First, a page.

It was a Monday night, as smoke crept across the stage at the Biltmore Cabaret and the opening band’s first track, “Thunder,” marked the start of the show. Opening for the Dodos was Cousins, a two-piece pop-grunge band from Halifax.
From the song’s name you might expect a roar, but instead this thunder rolled. Frontman Aaron Mangle’s doleful wail began as an undertone but gradually built to a howl over the course of the song as Leigh Dotey pounded out an unrelenting rhythm. Mangle’s singing was reminiscent of Jim James of My Morning Jacket, with his voice containing a softness and yet a power simultaneously.
Outside of a brief interlude at the 15-minute mark to provide an odd yet welcoming tribute to Pisces, Cousins is all business. They powered through their set of songs full of gradual escalations that become detonations before closing out with “Die,” the final track on their latest album The Palm at the End of the Mind.
Like Cousins, the Dodos are a band of slow builds and fierce rhythms — so fierce in fact that David Letterman himself couldn’t stop commenting on drummer Logan Kroeber’s performance of “Confidence” on his show just six days before the Biltmore. “But honest to God, how about the kid?!?” said Letterman after thanking the band.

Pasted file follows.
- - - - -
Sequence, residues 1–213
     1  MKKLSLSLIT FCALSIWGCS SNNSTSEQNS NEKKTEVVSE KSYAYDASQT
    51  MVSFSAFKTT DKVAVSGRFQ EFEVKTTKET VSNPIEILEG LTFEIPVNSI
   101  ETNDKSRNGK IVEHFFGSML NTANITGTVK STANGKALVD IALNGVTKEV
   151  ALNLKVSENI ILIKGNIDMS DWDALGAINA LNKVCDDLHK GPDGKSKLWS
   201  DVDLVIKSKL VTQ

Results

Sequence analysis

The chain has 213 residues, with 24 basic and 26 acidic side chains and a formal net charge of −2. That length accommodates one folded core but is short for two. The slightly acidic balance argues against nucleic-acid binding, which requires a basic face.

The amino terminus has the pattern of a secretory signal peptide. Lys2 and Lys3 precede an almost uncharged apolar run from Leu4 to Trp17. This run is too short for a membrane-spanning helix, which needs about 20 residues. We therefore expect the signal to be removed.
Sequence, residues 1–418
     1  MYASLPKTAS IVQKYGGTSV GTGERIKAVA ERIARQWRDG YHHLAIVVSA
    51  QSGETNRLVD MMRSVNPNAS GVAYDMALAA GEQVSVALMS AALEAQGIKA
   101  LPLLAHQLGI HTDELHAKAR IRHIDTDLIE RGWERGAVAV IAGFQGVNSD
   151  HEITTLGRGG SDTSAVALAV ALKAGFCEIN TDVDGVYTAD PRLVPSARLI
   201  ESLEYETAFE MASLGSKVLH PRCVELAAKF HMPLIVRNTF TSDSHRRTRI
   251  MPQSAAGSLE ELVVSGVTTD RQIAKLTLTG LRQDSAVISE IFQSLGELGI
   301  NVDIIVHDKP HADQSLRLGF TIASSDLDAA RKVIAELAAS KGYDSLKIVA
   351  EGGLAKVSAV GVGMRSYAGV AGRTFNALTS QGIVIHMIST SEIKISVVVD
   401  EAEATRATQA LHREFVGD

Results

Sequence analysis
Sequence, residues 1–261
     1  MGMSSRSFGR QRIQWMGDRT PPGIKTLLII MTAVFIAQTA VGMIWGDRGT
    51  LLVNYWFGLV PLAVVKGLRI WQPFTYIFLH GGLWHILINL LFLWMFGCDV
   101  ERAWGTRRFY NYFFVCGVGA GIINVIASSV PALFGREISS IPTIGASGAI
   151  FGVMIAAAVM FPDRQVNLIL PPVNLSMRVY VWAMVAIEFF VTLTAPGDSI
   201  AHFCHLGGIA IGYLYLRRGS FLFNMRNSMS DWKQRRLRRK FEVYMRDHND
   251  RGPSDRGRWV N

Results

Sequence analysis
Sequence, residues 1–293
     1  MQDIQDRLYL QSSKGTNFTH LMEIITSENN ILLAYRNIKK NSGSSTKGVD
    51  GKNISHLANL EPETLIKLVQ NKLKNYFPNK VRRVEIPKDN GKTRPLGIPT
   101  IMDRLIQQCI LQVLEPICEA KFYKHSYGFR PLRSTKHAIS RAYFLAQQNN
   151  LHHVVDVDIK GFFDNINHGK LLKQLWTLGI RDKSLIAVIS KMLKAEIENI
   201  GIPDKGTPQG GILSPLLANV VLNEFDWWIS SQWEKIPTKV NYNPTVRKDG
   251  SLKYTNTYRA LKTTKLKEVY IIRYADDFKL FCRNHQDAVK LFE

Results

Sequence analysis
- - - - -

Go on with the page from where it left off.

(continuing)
The Dodos started with “Confidence” on Monday and Letterman was right; it’s hard to describe the way Kroeber drums. Self-assured, imperative, and confident, his drumming has a relentless voice of its own. It’s not that Kroeber overpowers singer Meric Long, far from it; they rose and fell in a harmonious balance as each song swelled. Also joining Long and Kroeber on stage was a third musician, guitarist Joe Haege, who’s been recruited for their tour and fit in flawlessly.
Though new album Carrier was well represented, the Dodos made sure to delve into the depths of a solid back catalogue. New songs such as “Relief” and “The Current” were joined by hits from previous albums, including “Black Night,” from No Colour and holder of over half a million views on YouTube.
It seemed for a moment that the Dodos were leaving the crowd with “Good,” a song that exponentially grew from a twangy-electric finger-picking rhythm to a catharsis of howling guitars and rattling percussion artillery before it exited with a fuzz of drum beats and “ohohohoh” intoning.
It’s a natural fit for the end of a set but luckily the crowd at the Biltmore didn’t have to wait long for an encore; the Dodos let them cheer and chant for barely a minute before another two-song set.
The real final song of the night was “Fools” from 2008 album Visiter. The quiet-loud-quiet over relentless rhythm dynamic combined with a solid “Woah oh” sing-along refrain made it a highlight and favourite even in a night of loyal fans being rewarded with what they came to hear.